The Choosing Book Review -

Book Review: The Choosing by Rachelle Dekker

Like all citizens since the Ruining, Carrington Hale knows the importance of this day. But she never expected the moment she’d spent a lifetime preparing for―her Choosing ceremony―to end in disaster. Ripped from her family, she’ll spend her days serving as a Lint, the lowest level of society. She knows it’s her duty to follow the true way of the Authority.

But as Carrington begins this nightmare, rumors of rebellion rattle her beliefs. Though the whispers contradict everything she’s been told, they resonate deep within.

Then Carrington is offered an unprecedented chance at the life she’s always dreamed of, yet she can’t shake the feeling that it may be an illusion. With a killer targeting Lints and corruption threatening the highest levels of the Authority, Carrington must uncover the truth before it destroys her.”

The Choosing by Rachelle Dekker Review

AUTHOR: RACHELLE DEKKER

GENRE: YA CHRISTIAN DYSTOPIAN

AGE LEVEL: 14+

RATING: 4/5

Content: CLEAN – Some kissing, violence, mentions of alcohol and smoking.

In the future, a deadly virus has wiped out most of the population. From the ashes, The Authority rose. They provided safety and order for their citizens.

All they demanded in return was absolute control.

Every person has a purpose in this society. Men are assigned jobs. Women have two options: they’re either chosen to be someone’s wife or they’re sent to the Stacks to work as Lints.

Carrington Hale trained her entire life to become someone’s wife. With great scores, impeccable manners, and beauty, she was sure she would be chosen. She was wrong.

Becoming a Lint derailed her entire identity. Not only is she forced to work a disgusting job for the rest of her life, but she’s told that she’s unworthy. That she is the only one to blame for her situation.

One night, in an act of desperate rebellion, she travels outside the city walls to listen to a heretic. A heretic that tells her that she was born beautiful and worthy of love. Born chosen.  When a once-in-a-lifetime opportunity arises that allows her an opportunity to be chosen again, Carrington must decide if her worth is in how the Authority defines her or what this mysterious man says.

The Choosing is a rare Christian dystopian novel that touches on a fantastic message that girls NEED to hear these days, but it presents it in a chilling dystopian setting that grips you. It features a lot of elements typical in a dystopian novel (a walled city, authoritarian government, advanced technology) but the warped religion made it interesting. Add a random serial killer and a sweet romance and you have a good book. 

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What I Loved:

The City

Before the outbreak, the city was known as Washington DC. Diving into a future that included former national landmarks was fun. The city also produces a sense of finality and loneliness that’s hard to describe. When you’re a Lint or a City Watchman, you’re also forced to live in either the Stacks (pre-virus apartments) or barracks. You’re still within walking distance from downtown, but you’re not allowed to interact with anyone else from the rest of society.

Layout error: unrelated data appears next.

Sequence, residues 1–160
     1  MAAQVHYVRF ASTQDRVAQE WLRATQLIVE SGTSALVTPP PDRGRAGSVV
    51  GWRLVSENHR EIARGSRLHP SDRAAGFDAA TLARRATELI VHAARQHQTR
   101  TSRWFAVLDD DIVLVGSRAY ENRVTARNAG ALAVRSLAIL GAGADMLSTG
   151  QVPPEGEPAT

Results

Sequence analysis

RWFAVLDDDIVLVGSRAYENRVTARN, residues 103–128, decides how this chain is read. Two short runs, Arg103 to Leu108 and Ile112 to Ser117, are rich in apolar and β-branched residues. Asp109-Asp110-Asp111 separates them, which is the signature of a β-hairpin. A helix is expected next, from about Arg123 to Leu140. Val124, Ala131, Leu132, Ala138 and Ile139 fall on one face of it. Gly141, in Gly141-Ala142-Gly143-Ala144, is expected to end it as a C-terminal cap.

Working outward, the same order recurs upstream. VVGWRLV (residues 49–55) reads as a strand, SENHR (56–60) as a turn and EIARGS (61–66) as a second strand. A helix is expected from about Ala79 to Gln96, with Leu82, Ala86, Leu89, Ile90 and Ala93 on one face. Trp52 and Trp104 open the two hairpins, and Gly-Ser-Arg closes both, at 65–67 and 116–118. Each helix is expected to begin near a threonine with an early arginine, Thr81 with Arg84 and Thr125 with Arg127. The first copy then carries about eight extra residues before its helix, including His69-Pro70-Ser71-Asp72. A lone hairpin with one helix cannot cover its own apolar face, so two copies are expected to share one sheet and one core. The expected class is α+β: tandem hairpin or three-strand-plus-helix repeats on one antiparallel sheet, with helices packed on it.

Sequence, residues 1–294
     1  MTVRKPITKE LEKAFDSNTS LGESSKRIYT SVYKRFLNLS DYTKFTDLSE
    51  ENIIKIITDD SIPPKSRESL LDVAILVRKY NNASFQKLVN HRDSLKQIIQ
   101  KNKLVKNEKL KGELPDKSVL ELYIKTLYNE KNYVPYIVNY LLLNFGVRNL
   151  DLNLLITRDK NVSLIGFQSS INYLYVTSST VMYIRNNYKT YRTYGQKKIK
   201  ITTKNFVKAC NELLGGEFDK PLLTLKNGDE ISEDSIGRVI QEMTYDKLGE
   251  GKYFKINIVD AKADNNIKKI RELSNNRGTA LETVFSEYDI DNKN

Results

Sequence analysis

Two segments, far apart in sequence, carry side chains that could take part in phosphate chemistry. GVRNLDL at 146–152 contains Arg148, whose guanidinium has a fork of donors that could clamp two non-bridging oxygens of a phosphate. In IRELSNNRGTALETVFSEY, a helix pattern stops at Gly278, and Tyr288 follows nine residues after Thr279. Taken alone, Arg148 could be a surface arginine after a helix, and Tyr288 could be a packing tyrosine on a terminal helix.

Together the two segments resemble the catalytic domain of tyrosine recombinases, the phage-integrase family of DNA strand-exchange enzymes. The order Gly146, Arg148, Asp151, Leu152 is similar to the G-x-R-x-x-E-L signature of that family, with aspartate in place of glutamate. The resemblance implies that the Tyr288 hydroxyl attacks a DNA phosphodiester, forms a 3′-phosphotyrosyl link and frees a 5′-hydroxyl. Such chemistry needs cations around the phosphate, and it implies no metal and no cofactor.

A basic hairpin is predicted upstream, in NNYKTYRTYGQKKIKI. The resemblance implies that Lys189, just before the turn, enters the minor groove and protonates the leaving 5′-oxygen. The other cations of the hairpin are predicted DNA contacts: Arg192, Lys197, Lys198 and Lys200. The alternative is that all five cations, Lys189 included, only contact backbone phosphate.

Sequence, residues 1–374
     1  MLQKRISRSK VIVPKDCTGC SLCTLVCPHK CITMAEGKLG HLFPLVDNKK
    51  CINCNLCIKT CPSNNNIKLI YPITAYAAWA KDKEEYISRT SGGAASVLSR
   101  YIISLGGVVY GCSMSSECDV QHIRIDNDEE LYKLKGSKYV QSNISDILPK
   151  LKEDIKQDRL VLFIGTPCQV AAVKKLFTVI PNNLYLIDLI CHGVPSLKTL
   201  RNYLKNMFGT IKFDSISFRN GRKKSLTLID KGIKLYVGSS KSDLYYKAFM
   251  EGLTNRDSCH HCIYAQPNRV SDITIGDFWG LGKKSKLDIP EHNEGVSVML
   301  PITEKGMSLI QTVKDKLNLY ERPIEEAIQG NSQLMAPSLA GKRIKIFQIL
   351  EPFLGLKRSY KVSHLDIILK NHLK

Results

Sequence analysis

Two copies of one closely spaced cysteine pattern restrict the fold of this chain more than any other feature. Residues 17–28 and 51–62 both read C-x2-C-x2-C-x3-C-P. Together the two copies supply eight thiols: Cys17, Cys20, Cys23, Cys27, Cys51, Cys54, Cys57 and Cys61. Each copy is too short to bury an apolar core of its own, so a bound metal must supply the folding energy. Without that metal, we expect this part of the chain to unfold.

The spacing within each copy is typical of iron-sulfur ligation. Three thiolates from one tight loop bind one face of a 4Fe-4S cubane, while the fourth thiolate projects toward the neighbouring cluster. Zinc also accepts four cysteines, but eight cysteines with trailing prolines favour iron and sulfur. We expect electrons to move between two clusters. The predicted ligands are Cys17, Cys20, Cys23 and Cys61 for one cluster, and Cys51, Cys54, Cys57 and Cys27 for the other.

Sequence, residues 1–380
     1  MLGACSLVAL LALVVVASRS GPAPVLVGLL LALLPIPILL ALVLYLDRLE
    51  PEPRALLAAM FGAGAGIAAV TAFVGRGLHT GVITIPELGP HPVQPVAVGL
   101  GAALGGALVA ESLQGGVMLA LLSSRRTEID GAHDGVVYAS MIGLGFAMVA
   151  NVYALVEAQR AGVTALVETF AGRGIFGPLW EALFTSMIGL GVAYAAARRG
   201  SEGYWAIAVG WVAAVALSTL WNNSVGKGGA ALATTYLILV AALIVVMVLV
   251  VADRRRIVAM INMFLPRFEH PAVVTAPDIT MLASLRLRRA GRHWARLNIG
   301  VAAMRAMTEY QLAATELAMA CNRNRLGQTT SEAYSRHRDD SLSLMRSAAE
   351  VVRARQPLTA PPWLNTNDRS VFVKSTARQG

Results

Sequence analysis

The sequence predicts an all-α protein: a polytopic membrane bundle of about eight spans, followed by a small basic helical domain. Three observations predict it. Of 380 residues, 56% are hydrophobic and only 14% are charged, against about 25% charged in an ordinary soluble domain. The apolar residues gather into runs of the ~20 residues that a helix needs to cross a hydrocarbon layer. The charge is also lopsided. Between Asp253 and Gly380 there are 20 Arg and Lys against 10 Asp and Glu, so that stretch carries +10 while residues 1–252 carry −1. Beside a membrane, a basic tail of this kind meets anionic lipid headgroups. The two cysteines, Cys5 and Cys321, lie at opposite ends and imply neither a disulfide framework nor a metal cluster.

So basically, you live amongst them but completely separate. This made my heart ache for Carrington and Remko. 

The Message

You’re beautiful and worthy and chosen from birth.

Oh my stars but young women NEED to hear this message. I think The Choosing did a beautiful job of taking a flaw from our own culture and tackling it in a fun way. How many times do we define ourselves but what our society thinks of us? Says we should be? Too often. I ached when Carrington as she struggled with self-loathing and a complete lack of individuality. I also loved watching her grow into herself and begin to stand against what others said about her.

Carrington and Remko

I like unique romances. And there’s nothing more unique than a brain-washed girl with zero self-esteem and a handsome guy with a debilitating speech impediment. I love how sweet their relationship was and how they communicated without even speaking. 

What I Didn’t Love

Struggled to Connect  

Sometimes I struggled to connect with Carrington. I loved the side-characters (especially the ones that DIED, grr) but Carrington was a toughie. While we do get into her head and feel her emotions (I ACHED for her at times), it was hard for me to identify with her personality. 

Keep in mind, of course, that she’s been brainwashed her entire life. Her survival was literally dependent on how well-behaved she was. 

Dream Moments

So…I don’t want to spoil ANYTHING, but towards the end we have a series of dream sequences where Carrington is somewhat unconscious. During these dream moments Carrington comes to some pretty big conclusions and “finds her courage”. I think this is where I really struggled. I would have loved to see these conversations with the particular character she chatted with in real life. So, when the big, major battle arrived, she would have gone through that character change already.

Carrington and Remko

Wait, what? Didn’t I say I loved them. Well, yes…in some respects.

In others I really wanted to go deeper and see more with their relationship. It’s difficult for them to actually talk, given their circumstances and speech impediments, but I still would have loved to see more scenes where their love deepened. Hopefully in book two this is exactly what we’ll see.

Would I Recommend?

Uh, yeah. This is a great book. The Choosing is relevant, fun, and I am interested in seeing where the rest of the series goes. If you loved Divergent but you’re looking for a more Christian message, I think you’re really going to like The Choosing. 

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